This is the bioenergetic context in which Homo sapiens evolved, and it accounts for both the wild growth of human population and its imminent collapse. Energy in evolution we are caught up, as organic beings, in the natural process through which the earth accepts energy from the sun and then releases. There has been life on Earth for at least three and a half billion years, and over this time there has been a clear and constant evolution in the way energy is used. The first living things may have obtained energy from organic molecules that had accumulated in their environment, but photosynthetic autotrophs, able to capture energy from sunlight, soon evolved, making it possible for life to escape this limited niche. The existence of autotrophs made a place for heterotrophs, which use energy that has already been captured by autotrophs. It is not clear how photosynthesis got started, although it is a combination of two systems that can be found singly in some life forms that still exist. But blue-green algae, which are among the earliest organisms documented in the fossil record, already employed the two-stage process that was eventually handed down to green plants. This is a complex sequence of events that has a simple outcome.
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Unfortunately, worldwide implementation of a rigorous program of birth control is politically impossible. Conservation is futile as long as population continues to rise. And no resources are truly renewable. 2 The environment, moreover, is under no obligation to carry a constant population of any species for an indefinite period of time. If all of nature were in perfect essay balance, every species would have a constant population, sustained indefinitely at carrying capacity. But the history of life involves competition among species, with new species evolving and old ones dying out. In this context, one would expect populations to fluctuate, and for species that have been studied, they generally do (ecology texts such as Odum, 1971 and Ricklefs, 1979 give examples). The notion of balance in nature is an integral part of traditional western cosmology.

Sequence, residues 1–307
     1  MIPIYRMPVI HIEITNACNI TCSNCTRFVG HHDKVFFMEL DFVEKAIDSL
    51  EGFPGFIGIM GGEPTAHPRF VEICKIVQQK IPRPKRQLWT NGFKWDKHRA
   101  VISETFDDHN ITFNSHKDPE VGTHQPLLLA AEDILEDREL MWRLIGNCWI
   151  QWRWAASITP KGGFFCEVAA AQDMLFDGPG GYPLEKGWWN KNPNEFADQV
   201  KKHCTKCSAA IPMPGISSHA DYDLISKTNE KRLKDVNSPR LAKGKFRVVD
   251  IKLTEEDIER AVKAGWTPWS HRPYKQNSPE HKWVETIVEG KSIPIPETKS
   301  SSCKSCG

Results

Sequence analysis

Ever since malthus, at least, it has been clear that means of subsistence do not grow as fast as population. No one has ever liked the idea that famine, plague, and war are nature's writing way of redressing the imbalance - malthus himself suggested that the operation of "preventive checks which serve to reduce the birth rate, might help prolong the interval between such events (1986. 1 And in the two hundred years since malthus sat down to pen his essay, there has been no worldwide cataclysm. But in the same two centuries world population has grown exponentially while irreplaceable resources were used. Some kind of adjustment is inevitable. Today, many people who are concerned about overpopulation and environmental degradation believe that human actions can avert catastrophe. The prevailing view holds that a stable population that does not tax the environment's "carrying capacity" would be sustainable indefinitely, and that this state of equilibrium can be achieved through a combination of birth control, conservation, and reliance on "renewable" resources.